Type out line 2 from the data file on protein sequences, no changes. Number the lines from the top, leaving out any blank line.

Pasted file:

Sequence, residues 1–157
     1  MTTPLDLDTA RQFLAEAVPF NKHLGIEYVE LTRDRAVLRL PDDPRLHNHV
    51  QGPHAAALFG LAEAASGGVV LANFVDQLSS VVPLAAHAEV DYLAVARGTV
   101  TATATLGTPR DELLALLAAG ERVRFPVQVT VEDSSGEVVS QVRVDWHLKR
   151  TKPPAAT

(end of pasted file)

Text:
     1  MTTPLDLDTA RQFLAEAVPF NKHLGIEYVE LTRDRAVLRL PDDPRLHNHV